Insights from the West Side
Written from Stephenville, NL
Appeared in Carbonear Compass on February 17, 2004.
It’s hard to believe a year’s gone by already.
In the early morning hours of February 15, one year ago, I slipped on the ice outside the 104 dance bar in Stephenville, breaking my arm. I suffered a rather painful night, because of the lack of medical staff on duty at Sir Thomas Roddick Hospital that night. There was no one there to put a simple splint on my arm.
I was forced to lie still on my bed in the College of the North Atlantic residence for about 11 hours. Any little move I made sent burning pain through my broken arm. I described it in a letter to the editor of The Telegram as a “hellish night,” which it was. I finally went through more hours of waiting at the hospital the next day, and after some necessary manhandling by the X-ray technician, so he could get some pictures of my snapped bones, I was finally shipped off to surgery in Corner Brook, which was far, far better.
The irony of all this was, I broke my humerus bone, otherwise known as the “funny” bone. I wasn’t exactly amused. I now have a metal plate and pins in there, and a huge scar on my bicep that will forever remind me to wear boots when walking around outside in the winter (which I have been doing since the snow started falling).
Sir Thomas Roddick Hospital has since shut down the dilapidated building that was used since the war and relocated to a new ultra-modern building that claims to have better service. From what I’ve been hearing, there have been no real improvements.
The new building is beautiful, as I once paid the place a brief visit when I was managing editor of the Troubador last fall, but beauty is in the eye of the beholder. I said in a September letter to The Georgian’s editor that I was observing, and yes, I still am. My anger has cooled since then. It makes a great story to tell from time to time.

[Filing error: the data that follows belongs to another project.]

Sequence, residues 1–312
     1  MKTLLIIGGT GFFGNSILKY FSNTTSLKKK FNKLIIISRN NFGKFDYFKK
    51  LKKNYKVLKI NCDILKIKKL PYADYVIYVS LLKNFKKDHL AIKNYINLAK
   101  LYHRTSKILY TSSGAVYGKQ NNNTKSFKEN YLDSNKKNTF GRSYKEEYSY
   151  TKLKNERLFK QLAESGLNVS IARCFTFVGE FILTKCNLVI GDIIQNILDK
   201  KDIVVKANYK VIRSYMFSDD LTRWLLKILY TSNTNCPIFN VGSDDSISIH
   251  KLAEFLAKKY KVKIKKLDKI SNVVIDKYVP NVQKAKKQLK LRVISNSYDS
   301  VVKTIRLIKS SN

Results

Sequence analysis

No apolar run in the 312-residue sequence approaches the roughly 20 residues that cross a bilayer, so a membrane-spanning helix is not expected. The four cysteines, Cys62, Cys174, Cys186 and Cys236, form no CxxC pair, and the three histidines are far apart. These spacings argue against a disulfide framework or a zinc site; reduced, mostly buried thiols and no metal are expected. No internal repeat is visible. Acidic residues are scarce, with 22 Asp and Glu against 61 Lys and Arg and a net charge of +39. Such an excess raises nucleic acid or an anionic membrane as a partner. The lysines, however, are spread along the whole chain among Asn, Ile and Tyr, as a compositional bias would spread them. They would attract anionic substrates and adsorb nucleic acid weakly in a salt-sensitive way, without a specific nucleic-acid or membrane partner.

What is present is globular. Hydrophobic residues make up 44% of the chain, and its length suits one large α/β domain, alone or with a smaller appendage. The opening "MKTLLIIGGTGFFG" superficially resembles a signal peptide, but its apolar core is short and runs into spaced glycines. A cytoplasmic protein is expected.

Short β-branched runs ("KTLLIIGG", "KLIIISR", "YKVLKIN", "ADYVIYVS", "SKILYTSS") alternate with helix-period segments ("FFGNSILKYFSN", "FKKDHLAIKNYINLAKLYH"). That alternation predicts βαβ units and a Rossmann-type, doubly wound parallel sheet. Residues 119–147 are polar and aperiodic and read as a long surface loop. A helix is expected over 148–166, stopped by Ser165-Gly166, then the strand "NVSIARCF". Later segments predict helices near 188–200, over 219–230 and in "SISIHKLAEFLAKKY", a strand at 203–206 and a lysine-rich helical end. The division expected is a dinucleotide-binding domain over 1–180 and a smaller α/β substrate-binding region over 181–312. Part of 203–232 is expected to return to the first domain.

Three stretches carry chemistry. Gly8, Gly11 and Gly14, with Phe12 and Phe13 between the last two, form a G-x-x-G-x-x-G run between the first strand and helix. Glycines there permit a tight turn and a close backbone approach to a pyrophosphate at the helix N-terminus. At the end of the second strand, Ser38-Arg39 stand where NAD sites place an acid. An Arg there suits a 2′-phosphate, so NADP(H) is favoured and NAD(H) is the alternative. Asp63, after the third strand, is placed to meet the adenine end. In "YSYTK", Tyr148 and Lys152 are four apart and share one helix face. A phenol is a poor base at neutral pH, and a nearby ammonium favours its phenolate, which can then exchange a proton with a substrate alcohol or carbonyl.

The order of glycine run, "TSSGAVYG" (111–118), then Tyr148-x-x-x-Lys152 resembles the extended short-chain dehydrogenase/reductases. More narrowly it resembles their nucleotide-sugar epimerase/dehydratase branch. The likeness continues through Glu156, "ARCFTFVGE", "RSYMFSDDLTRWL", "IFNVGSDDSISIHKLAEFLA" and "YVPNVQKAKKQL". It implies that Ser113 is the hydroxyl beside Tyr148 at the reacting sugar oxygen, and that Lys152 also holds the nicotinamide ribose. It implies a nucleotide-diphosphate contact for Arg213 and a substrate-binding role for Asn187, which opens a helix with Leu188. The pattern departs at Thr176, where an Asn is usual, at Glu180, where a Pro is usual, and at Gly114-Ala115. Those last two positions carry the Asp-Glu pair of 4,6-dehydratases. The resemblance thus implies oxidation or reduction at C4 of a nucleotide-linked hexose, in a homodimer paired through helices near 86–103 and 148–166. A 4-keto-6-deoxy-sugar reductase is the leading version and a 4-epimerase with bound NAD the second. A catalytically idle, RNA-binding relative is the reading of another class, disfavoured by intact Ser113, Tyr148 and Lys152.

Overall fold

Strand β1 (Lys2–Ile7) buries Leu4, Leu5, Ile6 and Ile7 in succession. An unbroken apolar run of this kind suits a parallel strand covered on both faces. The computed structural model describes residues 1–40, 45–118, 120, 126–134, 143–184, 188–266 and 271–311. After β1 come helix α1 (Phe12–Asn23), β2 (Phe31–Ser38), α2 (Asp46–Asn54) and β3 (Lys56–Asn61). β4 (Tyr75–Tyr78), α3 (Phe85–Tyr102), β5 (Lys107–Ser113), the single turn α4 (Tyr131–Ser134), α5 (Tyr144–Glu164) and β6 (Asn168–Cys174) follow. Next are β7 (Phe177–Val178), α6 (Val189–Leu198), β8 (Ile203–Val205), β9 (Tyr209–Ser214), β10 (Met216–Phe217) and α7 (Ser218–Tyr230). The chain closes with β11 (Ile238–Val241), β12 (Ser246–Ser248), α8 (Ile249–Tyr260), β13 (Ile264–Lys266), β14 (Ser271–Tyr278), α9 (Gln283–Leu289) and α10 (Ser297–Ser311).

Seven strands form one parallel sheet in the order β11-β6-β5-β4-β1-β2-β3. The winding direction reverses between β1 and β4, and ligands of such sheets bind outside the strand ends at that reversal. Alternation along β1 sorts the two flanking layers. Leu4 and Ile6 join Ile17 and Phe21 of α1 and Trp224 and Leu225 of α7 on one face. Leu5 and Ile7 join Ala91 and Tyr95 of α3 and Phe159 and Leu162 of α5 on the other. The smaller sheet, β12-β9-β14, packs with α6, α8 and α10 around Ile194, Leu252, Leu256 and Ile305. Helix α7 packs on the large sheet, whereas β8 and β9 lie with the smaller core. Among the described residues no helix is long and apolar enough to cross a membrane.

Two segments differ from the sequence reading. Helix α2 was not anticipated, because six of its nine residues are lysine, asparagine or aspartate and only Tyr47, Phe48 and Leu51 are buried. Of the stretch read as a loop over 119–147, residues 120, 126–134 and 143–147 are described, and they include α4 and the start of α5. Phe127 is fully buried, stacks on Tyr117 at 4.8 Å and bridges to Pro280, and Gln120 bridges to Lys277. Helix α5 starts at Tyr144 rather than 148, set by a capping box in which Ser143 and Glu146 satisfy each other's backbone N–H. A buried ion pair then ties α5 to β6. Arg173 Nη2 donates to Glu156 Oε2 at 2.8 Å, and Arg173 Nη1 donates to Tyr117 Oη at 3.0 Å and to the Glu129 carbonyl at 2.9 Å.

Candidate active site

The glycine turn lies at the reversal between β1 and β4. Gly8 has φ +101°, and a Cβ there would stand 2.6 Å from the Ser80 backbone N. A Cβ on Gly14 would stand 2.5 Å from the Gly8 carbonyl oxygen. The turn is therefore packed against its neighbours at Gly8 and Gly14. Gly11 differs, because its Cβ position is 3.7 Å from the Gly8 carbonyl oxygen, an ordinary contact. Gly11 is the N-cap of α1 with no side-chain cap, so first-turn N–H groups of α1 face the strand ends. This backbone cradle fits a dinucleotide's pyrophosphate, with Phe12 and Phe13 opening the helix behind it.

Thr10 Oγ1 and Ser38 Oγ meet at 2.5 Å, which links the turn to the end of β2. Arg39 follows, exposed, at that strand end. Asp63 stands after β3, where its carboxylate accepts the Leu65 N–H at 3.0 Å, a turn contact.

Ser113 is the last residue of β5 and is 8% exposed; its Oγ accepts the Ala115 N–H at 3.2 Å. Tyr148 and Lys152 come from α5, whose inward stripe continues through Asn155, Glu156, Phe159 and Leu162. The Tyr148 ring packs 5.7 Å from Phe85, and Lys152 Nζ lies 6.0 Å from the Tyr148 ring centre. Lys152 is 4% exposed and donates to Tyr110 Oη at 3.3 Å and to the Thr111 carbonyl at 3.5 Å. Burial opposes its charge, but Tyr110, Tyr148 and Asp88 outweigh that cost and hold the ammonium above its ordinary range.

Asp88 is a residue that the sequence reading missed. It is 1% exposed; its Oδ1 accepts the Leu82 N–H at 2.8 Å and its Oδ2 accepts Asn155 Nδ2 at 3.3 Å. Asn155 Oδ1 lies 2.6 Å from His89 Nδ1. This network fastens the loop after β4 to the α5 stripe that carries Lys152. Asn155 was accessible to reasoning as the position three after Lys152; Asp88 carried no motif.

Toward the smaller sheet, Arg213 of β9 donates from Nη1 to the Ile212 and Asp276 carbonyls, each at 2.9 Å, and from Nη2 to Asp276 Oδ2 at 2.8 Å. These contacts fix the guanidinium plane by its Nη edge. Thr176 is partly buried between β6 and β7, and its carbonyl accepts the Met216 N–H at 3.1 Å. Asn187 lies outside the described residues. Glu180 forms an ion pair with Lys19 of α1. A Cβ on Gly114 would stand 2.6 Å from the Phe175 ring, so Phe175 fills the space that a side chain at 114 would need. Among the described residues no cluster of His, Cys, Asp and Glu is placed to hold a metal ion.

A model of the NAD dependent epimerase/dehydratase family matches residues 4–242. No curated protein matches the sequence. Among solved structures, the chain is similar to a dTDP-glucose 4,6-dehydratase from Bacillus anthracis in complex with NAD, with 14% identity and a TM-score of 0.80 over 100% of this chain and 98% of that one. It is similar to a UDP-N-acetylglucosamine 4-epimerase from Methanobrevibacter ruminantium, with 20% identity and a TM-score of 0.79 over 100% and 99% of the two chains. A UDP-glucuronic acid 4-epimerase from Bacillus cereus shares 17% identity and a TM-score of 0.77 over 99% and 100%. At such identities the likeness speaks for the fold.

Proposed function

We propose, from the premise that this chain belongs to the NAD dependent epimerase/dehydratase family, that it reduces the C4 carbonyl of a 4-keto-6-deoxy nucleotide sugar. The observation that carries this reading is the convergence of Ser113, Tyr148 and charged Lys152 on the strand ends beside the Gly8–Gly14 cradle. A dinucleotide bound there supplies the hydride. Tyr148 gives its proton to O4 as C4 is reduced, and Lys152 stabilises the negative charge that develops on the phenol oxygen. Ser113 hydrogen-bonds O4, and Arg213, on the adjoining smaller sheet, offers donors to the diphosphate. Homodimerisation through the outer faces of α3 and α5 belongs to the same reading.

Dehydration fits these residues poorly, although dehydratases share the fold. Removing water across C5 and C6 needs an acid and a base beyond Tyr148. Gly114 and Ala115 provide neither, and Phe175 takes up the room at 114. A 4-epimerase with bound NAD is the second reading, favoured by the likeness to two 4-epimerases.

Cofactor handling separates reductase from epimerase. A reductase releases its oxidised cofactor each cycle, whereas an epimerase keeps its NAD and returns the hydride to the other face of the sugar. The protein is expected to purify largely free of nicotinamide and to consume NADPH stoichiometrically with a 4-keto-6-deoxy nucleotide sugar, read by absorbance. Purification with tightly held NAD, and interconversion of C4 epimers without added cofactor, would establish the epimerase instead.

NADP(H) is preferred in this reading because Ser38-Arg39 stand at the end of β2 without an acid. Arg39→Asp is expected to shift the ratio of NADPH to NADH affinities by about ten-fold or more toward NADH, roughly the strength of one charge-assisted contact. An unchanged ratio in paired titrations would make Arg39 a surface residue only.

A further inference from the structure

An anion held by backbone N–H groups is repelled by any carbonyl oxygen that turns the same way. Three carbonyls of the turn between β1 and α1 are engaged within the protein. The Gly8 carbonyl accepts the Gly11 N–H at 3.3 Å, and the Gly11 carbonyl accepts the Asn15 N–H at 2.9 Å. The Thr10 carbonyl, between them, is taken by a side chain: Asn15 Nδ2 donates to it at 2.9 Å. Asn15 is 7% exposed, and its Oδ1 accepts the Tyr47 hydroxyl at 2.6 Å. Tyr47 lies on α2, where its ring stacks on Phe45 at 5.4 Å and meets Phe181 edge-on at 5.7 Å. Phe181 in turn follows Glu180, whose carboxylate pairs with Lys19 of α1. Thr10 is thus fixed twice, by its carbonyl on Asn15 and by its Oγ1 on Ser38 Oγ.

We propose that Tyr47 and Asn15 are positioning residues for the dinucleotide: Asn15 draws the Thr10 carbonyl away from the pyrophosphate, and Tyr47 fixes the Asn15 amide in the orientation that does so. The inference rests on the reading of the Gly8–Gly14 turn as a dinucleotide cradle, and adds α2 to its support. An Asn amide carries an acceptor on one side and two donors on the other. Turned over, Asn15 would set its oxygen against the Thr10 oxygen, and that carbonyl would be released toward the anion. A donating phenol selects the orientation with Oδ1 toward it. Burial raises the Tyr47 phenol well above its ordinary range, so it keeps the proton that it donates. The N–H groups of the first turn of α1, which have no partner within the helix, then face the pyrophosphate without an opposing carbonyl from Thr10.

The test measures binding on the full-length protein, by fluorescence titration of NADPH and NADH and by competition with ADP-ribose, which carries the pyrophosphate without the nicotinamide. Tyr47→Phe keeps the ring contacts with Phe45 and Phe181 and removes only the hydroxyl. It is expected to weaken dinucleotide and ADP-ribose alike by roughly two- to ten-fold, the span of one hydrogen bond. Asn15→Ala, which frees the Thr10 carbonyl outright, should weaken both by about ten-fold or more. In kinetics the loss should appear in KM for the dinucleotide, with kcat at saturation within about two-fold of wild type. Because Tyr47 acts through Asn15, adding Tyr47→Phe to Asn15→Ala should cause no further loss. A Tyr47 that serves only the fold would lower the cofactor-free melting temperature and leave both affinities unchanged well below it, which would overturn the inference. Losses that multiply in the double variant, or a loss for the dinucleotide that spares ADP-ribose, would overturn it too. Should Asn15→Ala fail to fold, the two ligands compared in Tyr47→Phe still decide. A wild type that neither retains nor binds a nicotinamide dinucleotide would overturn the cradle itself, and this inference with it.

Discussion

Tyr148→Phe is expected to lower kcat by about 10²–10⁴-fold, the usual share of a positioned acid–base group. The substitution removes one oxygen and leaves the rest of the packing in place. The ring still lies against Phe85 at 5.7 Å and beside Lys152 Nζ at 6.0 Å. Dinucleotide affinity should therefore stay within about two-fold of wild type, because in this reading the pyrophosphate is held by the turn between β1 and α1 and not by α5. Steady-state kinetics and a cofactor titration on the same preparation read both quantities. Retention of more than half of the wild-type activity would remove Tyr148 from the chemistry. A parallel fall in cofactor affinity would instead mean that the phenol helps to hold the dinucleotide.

I do realize that the bad treatment I got last winter may not be the sole fault of the nurses and doctors. I’m sure they’re really not bad people. That was just a very stressful time for me.
It’s the overall Canadian health system that needs an injection, which may have arrived – sort of. On January 30, Prime Minister Paul Martin announced two billion dollars for health care funding for all the provinces, when he met with Canada’s premiers for the first time since he was sworn in as Prime Minister.
My question is . . . what will this temporary funding boost do for Newfoundland and Labrador?
Probably very little. The money is a one-shot deal. In the overall picture of things, two billion dollars would possibly buy a few MRIs or CT scanners, but there wouldn’t be enough money left to maintain them. It’s not enough to maintain hospital infrastructure. It’s not enough to hire on more doctors and nurses, and keep them with proper salaries. If the money was incorporated into the yearly budget, then maybe it would work.
What is the ultimate solution for the health care problems plaguing the province and the rest of Canada?
It is actually a myth that Canada has the best health care in the world. In reality, it is not even close. According to the World Health Organization, it actually ranks 30th place. In comparison, the United States ranks 38th place.
To solve the health care problem is a big job. Former Saskatchewan premier, Roy Romanow put together a task force under former Prime Minister Jean Chrétien’s request in 2001 and crafted that famous document: The Romanow Report, which dealt with making sweeping changes to Canadian medicare. His changes included strong leadership, a system that’s more responsive and efficient and accountable to Canadians and making strategic investments for the short-term and the long-term. That sounds perfect – on paper. But can it actually be implemented?
I don’t claim to be an expert on the problems with the health care system – I know very little, actually. I’ve been pursuing the issue since the incident at the hospital last year. I covered the health beat last semester and quickly realized that it’s a big topic, and I’m just scratching the surface.
Oh yes… nearly forgot. My grandmother’s birthday was also this past Sunday. So, I’m taking this opportunity to wish my grandmother, Joyce Hutchings of Whitbourne, a very happy birthday.
My email address is firstname.lastname@example.org, for anyone who wants to send me feedback or suggestions.
See you in two weeks.